Posts Tagged ‘Greenwood Theatre’

Prometheus Bound, Greenwood Theatre 1430 8 February

February 8, 2017



At the end:  chorus–Prometheus–Io

Prometheus Bound certainly made an interesting choice for this year’s KCL Greek Play in Greek.  One question is whether it actually is a play or merely a scene-setting for following parts of a trilogy.  Nothing much happens apart from various characters coming to sympathise with or talk sense into Prometheus and him referring to the injustices he has suffered and the dark secret he knows.

I remember a production at the Soho Theatre where the clientele were expected to be satisfied by a combination of the manly heaving of the hero’s bare breast and chains.  Lots of chains.  But here it wasn’t quite like that.  We had a female Prometheus, and Oceanus, and whichever it is of Force and Violence that doesn’t actually say anything.

More generally, I’m afraid that there was no sign of a solution to the severe problems posed by staging this piece.  It started off with projections of various modern figures, especially Donald Trump, and you could see how Prometheus might be a kind of Nelson Mandela in captivity, but his captors needed him more than he needed them.  Or Trotsky perhaps, who thought he had the earth-shaking prophecy and was a prisoner to his own well-founded fears. But nothing came of this possible line of thought.

Rather than being chained to a cliff with a wedge through her chest, our Prometheus had to top of a table to call her own.  For some reason sound effects and lianas suggested that this was in the jungle somewhere.  Loud sound effects meant you couldn’t hear what was being said, though the Greek verse sounded to be spoken competently enough.  At the end, Prometheus’s final defiance got lost in underwhelming stroboscopic effects..

On the positive side, the entrance of the chorus was effective, as were some of their choreographed moves.  Likewise for Io’s entry and exit, though I’m afraid she did rather remind me of the domovoy from Morphine.  And indeed there were similar surtitling issues, with lots of text appearing some time after the event.

If you ask what I would have done–well, have a much larger chorus and have them sing and dance.  In fact, have them on stage the whole time and have them  hold up the surtitles on placards, to give the idea of a debate of some importance not people  coming on stage and exchanging words about mouldy mythology…But making something out of Prometheus Bound would be difficult with the best performers and technical resources in the world…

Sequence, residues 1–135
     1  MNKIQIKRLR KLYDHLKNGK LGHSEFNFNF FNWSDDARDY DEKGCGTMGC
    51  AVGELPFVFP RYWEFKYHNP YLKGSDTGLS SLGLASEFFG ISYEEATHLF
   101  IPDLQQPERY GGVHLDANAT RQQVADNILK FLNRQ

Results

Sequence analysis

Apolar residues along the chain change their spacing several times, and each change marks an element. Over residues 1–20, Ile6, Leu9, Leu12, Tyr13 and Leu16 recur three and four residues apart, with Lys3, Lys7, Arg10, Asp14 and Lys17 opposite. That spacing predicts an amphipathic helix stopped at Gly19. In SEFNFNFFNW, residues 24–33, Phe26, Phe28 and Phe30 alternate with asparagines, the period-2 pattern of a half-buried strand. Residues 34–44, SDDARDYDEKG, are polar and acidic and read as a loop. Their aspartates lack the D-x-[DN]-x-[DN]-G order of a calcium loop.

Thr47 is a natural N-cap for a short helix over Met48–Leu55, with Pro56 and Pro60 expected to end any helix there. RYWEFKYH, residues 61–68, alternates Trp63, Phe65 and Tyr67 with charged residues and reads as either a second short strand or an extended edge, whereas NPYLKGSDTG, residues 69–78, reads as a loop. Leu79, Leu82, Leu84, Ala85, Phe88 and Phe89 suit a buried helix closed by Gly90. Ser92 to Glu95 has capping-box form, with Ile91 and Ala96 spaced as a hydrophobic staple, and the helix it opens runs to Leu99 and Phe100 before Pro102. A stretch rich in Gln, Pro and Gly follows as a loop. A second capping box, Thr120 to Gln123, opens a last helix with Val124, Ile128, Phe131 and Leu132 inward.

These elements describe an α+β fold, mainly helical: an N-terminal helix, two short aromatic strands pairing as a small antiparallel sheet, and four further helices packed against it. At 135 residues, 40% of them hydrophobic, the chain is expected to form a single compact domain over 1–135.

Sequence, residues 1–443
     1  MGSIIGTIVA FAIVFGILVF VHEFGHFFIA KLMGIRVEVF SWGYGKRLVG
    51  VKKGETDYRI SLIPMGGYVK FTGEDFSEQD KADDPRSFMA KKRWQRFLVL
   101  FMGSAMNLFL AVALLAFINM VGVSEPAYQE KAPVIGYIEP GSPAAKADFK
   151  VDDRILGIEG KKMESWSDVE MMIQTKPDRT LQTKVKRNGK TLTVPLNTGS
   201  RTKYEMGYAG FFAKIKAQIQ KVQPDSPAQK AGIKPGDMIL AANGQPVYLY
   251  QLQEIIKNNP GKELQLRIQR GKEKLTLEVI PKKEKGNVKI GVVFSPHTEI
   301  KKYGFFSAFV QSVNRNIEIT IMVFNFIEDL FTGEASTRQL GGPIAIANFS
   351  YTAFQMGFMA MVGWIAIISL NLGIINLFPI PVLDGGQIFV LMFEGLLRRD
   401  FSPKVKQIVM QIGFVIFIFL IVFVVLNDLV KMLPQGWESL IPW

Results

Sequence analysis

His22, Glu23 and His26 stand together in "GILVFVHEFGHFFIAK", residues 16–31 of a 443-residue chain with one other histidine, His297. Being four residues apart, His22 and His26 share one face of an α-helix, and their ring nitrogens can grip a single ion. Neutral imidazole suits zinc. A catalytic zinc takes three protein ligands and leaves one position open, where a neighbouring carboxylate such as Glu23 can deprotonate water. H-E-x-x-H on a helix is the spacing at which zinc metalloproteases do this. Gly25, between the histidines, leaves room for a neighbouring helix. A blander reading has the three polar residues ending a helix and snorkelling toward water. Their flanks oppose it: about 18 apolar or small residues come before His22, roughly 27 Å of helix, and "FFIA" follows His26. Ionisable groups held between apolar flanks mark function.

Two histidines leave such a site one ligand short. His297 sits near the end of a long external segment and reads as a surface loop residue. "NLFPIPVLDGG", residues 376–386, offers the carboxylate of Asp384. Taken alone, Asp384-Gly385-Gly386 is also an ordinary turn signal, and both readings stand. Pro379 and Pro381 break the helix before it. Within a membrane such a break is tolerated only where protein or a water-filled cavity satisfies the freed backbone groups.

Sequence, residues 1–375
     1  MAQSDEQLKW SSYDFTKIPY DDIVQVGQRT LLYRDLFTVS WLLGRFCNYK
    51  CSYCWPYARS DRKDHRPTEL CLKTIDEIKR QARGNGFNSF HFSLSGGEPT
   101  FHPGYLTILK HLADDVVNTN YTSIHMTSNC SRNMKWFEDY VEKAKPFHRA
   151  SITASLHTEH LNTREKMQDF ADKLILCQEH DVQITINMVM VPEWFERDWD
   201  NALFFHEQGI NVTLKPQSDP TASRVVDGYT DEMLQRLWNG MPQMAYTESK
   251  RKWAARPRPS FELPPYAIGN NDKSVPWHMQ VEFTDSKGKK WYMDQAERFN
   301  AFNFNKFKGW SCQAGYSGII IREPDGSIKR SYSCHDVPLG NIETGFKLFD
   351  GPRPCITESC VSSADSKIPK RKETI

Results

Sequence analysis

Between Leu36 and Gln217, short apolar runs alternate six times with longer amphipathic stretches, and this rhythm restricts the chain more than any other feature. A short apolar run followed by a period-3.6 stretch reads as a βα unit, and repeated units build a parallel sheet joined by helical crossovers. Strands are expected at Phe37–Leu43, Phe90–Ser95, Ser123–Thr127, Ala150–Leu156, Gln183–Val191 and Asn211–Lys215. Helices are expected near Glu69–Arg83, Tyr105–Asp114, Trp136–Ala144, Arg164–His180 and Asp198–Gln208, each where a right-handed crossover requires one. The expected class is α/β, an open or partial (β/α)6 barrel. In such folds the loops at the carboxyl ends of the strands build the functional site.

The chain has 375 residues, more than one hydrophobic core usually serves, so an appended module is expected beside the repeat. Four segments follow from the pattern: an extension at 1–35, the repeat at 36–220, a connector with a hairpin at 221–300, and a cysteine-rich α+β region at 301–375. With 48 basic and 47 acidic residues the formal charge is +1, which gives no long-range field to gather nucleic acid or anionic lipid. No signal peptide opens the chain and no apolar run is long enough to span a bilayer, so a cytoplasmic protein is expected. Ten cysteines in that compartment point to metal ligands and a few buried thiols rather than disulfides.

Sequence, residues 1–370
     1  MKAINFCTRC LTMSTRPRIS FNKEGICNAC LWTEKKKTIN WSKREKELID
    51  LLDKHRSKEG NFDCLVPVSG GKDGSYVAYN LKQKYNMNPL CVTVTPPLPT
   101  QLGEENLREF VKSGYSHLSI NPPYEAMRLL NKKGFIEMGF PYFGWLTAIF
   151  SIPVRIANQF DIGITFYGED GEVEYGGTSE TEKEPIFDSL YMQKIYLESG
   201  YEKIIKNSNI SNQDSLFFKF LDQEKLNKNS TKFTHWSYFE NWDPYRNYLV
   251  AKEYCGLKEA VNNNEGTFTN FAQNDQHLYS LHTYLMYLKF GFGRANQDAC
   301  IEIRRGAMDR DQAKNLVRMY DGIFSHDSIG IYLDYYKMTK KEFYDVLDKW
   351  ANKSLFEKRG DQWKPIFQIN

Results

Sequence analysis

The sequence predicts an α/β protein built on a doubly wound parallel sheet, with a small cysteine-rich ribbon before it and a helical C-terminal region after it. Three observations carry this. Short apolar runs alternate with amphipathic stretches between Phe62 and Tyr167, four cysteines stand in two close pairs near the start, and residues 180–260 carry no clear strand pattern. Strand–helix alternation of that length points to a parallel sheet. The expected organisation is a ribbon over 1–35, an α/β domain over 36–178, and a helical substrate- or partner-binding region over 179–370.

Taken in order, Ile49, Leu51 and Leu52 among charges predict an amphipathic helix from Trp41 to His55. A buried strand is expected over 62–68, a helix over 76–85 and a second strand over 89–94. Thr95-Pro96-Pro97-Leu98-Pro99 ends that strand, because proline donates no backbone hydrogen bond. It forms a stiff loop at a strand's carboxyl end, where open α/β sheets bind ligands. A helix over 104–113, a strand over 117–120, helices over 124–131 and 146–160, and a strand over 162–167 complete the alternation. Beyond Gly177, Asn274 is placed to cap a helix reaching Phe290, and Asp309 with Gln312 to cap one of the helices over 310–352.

‘Wasps’ (Greenwood Theatre)/ ‘Clouds’ (Bloomsbury Theatre) 12 February

February 15, 2014


Surprisingly successful curtain-call photo displays modest phalloi and the chorus's natty costume

Surprisingly successful curtain-call photo displays (mostly) modest phalloi and the chorus’s natty costumes

There was a lot to admire about the KCL Wasps (in Greek, with English surtitles)–clearly Rosa Wicks had applied a substantial directorial intelligence to her task, and the realisation of the chorus, dressed in Jazz Age pinstripe suits with yellow ties and performing music based on tunes of the same era was the best I can remember seeing.  Of course, you might claim that introducing modern (not pastiche-ancient) music introduces a whole new alien world of colour and feeling, but I don’t care.  Guys, you were brilliant!

If you’re interested in what to do with the chorus in a Greek play this was was a very instructive evening–the director took the chorus  to a place that can’t have been at all authentic (since the music was too dominant) but where it wasn’t the chorus of a song-and-dance show or an opera either.

Apart from that, there was a certain amount of characters standing around pushing dialogue at each other that will have made little sense to the uninitiated.  The trial of Labes kind of reached the necessary Aristophanic weirdness–especially when Demadogue put forward his case with quite unexpected gentility–and kind of didn’t.  And the transition to the major at the end where Philokleon kicks over the traces and the thing descends into a party went past a bit quickly.  On the other hand, the scene of Dardanis feeling up Philokleon went very well, helped by the traditional British comedy device of hairy bloke in dress and stockings.  Philokleon didn’t necessarily know all of his lines and (more culpably) was a great deal too genteel, when he should have been Steptoe to Bdelykleon’s Son.

At the end, the porter had kindly found the woolly hat that I’d left behind outside and it occurred to me that Aristophanes would have appreciated being staged round the back of an STD clinic.

Picture appropriated from The Tab student nespaper

‘Clouds’ picture appropriated from The Tab student newspaper